"I had to learn how to handle the responsibility"


Anna von Girsewald, Junior-Partner, speaks about jumping in at the deep end.

After I started working as a lawyer in November 2011 I was allowed to participate in transaction work straight away: The Swiss company Sunstar S.A. bought a German medium-sized enterprise, the toothbrush manufacturer Interbros, and I directly participated in the purchase negotiations. My first complete M&A transaction from A to Z was the advising of Vaillant on the purchase of an enterprise in Hamburg. Here, I also coordinated the due diligence team for the very first time, which thoroughly examined all the legal aspects of the target company. My task during transactions is – besides conducting the legal examination – to gain an overview and edit the reports of my colleagues by summarising their content into one document, and to keep in contact with the client. At first it felt very strange to revise the reports of my senior colleagues – and to know that I bore the full responsibility for the end product.


Keep on asking questions

At present I learn something new every day, and I suspect this will be the case for quite some time. Having just entered this profession, I would recommend that you keep asking questions to avoid taking a wrong turn and wasting a great deal of time and effort. One thing I found particularly helpful was an internal course on balance sheet accounting and assessment held by an extremely good lecturer who has been lecturing on this topic for many years. The business management know-how makes it far easier to understand the economic background of a case. An initial introduction to the marketing side was also provided, and there are also regular specialist further educational opportunities and training courses on “presentation skills” and the like. Several colleagues even go on secondment to clients for several months to really familiarise themselves with the processes within an enterprise. This gives you another perspective and helps provide a better understanding of the client’s needs.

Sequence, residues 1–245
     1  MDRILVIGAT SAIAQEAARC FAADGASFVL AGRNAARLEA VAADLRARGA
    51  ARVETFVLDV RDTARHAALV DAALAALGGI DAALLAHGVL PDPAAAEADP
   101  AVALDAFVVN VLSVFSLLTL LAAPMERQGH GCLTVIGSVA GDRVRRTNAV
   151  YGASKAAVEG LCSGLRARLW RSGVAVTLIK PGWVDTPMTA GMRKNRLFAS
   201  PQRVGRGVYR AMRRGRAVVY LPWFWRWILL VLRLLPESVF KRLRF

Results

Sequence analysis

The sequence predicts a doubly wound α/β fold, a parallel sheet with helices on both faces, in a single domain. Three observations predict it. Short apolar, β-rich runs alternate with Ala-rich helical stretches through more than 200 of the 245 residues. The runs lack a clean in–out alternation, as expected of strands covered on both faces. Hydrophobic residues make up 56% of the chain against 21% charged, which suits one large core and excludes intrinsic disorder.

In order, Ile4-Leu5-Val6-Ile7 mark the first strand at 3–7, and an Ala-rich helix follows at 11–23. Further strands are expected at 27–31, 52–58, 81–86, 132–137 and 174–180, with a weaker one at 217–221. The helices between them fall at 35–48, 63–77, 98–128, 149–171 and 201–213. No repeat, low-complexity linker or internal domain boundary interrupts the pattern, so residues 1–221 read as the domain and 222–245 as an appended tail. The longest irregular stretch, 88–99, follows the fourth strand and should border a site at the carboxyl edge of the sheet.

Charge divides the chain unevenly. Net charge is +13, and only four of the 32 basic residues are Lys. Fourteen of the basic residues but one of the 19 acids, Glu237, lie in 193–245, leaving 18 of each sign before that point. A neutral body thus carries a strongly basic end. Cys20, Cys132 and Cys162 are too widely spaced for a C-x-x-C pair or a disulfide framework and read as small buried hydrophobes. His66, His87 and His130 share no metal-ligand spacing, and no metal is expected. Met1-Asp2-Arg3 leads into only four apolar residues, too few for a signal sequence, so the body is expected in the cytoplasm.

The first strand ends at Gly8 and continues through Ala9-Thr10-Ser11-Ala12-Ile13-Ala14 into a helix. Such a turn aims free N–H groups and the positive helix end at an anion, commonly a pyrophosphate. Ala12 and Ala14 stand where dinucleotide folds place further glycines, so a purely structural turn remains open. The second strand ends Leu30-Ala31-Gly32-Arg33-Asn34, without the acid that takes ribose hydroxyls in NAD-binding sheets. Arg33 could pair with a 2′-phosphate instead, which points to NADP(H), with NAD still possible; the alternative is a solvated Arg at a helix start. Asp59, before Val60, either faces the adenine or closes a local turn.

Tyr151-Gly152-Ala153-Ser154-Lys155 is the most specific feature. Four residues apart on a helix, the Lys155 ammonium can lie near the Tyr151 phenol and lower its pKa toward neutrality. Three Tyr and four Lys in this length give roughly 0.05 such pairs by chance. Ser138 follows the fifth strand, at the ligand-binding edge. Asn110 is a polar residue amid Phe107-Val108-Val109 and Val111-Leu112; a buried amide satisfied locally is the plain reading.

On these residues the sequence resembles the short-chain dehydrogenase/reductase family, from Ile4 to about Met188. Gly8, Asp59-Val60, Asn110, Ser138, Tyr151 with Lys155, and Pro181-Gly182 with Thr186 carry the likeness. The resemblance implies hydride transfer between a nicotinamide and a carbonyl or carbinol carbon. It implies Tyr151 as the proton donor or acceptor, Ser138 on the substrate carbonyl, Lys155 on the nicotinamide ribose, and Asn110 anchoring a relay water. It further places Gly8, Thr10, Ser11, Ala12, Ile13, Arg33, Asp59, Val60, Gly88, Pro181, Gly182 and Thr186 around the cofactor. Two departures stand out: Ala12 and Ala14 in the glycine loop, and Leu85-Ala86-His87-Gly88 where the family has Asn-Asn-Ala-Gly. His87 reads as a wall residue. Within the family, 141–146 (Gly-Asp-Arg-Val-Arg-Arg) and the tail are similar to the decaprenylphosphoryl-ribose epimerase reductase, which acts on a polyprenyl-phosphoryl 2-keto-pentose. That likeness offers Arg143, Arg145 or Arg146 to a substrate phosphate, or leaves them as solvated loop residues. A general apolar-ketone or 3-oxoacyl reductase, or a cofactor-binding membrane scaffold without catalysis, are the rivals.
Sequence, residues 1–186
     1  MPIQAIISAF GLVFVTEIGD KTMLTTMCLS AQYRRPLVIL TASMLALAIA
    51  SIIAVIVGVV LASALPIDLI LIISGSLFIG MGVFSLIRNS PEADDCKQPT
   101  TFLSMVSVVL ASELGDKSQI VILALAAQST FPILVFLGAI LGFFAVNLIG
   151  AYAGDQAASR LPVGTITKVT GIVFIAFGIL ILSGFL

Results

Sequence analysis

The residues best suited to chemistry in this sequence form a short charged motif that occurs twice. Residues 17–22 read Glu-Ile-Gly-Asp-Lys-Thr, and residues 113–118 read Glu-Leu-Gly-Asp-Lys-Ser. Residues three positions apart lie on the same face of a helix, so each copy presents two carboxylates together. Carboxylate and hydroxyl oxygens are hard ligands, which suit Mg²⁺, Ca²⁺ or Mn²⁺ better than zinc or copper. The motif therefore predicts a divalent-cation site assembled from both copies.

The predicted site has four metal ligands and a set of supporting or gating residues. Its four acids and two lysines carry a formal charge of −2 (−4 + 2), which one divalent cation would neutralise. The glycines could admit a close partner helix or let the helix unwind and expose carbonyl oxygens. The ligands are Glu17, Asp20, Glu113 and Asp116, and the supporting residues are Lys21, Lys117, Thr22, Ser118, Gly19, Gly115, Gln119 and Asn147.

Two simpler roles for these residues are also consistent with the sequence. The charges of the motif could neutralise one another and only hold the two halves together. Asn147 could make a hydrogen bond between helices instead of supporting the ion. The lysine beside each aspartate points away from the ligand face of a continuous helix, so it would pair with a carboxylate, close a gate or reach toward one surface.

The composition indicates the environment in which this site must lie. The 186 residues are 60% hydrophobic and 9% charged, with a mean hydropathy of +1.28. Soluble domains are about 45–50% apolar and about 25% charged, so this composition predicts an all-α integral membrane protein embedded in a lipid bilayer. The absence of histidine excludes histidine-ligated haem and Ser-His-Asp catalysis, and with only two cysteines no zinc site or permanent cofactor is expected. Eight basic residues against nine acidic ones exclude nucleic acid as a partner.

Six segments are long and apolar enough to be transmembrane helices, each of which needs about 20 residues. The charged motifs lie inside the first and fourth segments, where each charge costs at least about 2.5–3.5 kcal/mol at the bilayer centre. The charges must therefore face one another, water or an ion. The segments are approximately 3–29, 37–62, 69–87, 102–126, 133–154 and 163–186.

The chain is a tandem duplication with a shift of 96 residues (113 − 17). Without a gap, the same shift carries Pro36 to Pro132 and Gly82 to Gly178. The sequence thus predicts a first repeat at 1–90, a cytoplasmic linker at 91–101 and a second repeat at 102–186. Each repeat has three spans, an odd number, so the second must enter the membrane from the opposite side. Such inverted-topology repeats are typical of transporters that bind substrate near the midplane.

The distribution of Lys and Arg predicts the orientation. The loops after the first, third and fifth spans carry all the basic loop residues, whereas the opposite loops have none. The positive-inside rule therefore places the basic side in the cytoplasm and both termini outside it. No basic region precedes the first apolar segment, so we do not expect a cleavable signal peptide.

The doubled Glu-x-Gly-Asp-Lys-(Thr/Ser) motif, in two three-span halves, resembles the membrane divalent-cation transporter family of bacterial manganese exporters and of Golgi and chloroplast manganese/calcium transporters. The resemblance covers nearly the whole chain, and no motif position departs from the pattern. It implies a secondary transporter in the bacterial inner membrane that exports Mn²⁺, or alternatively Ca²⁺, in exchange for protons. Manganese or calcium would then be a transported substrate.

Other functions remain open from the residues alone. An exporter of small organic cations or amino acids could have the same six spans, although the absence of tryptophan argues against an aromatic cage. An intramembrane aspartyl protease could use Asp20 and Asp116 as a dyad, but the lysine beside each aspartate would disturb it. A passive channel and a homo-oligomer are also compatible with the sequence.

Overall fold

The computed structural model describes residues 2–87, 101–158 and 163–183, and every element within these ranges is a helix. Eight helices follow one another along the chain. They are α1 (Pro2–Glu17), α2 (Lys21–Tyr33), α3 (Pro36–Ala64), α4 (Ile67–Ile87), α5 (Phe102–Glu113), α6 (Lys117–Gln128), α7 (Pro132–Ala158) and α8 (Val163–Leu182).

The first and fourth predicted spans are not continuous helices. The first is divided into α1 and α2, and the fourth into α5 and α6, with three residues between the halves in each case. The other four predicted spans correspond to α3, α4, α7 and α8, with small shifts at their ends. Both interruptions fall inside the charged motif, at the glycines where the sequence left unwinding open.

In the M&A department the working hours fluctuate tremendously

I enjoy the variety and therefore truly appreciate the fact that we do not “only” advise on transactions. We additionally advise many clients in matters concerning corporate law and corporate transformation law: appointments of managing directors, amendments of statutes, restructurings, incorporations. This is a true contrast to transaction work, also as far as the working hours are concerned. During the peak periods of a transaction we often work late, sometimes for several days in a row and without notice. On other days, however, should nothing urgent need to be handled, my lead partner will then also say: you can take off earlier today.